Corporation Board Insurance

Corporation level errors and omissions insurance (commonly known as E&O) is liability insurance that is similar to malpractice insurance. It protects you in the case that you had a duty as a board member and made an error, and now there is a penalty being imposed either via civil litigation or by some other method. You should verify that the board has some form of E&O insurance so that you are not personally paying out of your pocket for these types of errors. 

As for governmental boards, you should review what immunities you are provided to protect from being personally liable for governmental decisions made by the board. You should also research what action you would have to specifically take to be held personally liable for action while sitting on the governmental board. (If you are involved in the area of mental health, this is an area where you should speak to your attorney to identify issues that might involve your personal liability).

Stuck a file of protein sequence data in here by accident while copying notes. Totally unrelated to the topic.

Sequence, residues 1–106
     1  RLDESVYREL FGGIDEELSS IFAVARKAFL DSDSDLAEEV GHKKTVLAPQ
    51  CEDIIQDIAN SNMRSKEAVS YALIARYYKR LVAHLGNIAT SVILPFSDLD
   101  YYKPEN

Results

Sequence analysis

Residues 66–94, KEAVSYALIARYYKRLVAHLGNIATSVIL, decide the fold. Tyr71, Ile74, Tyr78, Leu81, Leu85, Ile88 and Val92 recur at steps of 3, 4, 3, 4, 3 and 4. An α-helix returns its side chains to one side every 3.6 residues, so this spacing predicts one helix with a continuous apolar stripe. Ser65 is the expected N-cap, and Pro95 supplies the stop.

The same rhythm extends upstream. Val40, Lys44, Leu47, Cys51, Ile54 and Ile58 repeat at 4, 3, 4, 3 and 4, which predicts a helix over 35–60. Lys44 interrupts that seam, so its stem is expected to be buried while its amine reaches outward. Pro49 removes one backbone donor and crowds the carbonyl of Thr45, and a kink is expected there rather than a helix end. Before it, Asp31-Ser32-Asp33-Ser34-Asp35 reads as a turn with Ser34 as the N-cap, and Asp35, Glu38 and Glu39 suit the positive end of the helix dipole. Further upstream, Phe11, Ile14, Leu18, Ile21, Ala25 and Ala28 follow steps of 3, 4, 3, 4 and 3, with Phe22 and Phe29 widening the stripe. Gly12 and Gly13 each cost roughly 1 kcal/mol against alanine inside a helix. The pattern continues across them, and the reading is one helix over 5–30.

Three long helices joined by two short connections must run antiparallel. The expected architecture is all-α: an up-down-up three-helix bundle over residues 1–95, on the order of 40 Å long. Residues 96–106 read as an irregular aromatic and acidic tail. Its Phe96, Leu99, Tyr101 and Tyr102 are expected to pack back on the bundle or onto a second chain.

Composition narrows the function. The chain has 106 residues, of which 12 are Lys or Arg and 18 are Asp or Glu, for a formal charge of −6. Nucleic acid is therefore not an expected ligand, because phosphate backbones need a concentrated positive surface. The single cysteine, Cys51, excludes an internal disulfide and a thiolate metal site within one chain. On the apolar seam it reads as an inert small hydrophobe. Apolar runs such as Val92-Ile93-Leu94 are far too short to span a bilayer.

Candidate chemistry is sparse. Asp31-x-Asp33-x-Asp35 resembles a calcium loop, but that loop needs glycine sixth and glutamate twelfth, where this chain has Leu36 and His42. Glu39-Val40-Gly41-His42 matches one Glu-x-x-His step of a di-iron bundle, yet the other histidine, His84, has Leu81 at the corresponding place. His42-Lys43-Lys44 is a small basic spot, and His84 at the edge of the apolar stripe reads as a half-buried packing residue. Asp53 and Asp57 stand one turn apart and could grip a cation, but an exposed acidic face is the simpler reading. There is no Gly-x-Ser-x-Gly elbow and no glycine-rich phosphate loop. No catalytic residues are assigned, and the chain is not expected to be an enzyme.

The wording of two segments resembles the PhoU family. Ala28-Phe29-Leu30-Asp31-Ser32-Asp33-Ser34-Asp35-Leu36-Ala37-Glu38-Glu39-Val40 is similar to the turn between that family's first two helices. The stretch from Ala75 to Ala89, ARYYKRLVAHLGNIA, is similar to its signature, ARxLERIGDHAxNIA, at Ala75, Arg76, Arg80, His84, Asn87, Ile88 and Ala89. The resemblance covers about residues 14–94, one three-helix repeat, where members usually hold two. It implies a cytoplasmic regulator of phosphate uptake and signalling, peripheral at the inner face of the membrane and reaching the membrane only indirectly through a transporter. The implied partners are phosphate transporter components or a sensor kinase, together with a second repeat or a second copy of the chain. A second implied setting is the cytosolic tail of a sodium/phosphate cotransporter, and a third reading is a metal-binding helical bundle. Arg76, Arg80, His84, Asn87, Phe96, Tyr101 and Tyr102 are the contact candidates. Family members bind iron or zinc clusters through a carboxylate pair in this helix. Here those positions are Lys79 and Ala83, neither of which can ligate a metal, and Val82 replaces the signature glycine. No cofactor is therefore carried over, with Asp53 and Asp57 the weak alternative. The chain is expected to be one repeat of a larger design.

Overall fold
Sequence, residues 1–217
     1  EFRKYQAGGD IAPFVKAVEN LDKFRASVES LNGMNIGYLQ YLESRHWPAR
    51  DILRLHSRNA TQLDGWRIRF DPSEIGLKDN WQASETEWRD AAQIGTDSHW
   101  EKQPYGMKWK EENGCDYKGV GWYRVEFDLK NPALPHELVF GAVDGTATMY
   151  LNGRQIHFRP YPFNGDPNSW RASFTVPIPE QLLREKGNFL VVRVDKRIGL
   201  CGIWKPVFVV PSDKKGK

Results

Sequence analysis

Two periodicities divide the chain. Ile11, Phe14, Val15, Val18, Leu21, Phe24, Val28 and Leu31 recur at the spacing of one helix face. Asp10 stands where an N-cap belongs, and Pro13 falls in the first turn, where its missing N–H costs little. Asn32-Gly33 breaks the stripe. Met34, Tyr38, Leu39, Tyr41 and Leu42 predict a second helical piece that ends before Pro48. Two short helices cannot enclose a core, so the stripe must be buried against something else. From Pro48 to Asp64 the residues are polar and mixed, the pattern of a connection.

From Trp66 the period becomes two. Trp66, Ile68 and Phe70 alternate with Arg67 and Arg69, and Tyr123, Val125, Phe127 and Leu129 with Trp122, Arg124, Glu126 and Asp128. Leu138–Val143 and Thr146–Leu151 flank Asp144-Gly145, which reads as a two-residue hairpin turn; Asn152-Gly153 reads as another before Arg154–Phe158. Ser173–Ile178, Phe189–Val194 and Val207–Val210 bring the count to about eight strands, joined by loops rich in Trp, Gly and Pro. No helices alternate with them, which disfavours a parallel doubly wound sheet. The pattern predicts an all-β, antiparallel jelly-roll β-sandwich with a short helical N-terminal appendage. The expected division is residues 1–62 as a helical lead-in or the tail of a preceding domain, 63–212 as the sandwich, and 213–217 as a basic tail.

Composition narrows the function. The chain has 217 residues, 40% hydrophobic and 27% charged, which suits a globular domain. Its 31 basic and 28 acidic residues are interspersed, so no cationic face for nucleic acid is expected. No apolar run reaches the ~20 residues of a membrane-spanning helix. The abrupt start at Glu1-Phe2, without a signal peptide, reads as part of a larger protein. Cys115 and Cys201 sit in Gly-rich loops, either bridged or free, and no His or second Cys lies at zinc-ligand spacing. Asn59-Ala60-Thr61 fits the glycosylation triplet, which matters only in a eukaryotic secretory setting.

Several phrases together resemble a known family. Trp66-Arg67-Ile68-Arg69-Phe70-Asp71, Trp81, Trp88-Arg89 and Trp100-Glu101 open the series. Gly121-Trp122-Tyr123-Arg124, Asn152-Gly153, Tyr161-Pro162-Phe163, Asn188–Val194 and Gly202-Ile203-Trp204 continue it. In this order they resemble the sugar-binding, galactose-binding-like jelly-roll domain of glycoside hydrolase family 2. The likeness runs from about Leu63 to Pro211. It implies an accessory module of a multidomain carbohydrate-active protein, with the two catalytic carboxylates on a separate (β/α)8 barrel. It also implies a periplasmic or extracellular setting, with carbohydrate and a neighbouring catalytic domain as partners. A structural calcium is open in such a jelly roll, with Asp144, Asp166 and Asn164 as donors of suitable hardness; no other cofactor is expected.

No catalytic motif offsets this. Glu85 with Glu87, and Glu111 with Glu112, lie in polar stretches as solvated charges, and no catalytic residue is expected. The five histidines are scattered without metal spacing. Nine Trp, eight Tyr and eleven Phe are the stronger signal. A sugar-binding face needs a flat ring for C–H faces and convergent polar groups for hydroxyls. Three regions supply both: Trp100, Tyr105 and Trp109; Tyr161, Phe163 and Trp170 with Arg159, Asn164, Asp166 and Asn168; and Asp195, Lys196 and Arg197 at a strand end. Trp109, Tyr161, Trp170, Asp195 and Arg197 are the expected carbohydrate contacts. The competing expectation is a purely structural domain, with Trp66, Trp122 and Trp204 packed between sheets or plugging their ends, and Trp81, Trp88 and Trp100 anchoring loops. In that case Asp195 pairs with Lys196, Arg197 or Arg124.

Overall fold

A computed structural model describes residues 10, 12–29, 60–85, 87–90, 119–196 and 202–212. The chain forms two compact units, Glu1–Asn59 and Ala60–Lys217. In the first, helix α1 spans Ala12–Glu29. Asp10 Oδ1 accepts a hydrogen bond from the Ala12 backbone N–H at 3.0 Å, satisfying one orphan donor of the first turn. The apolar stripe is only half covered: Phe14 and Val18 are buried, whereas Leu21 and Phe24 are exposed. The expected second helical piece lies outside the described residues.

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Ultimately, I encourage anyone who desires it to consider joining an organization that fits their beliefs and desires to do whatever good they feel needs to be done. The information that I provide you now should not dissuade you from joining an organization – even an organization with problems. If you believe that changes can be made to save the organization so it can continue to support its mission, you should take action. In the words of Mahatma Gandhi, “The best way to find yourself is to lose yourself in service to others.”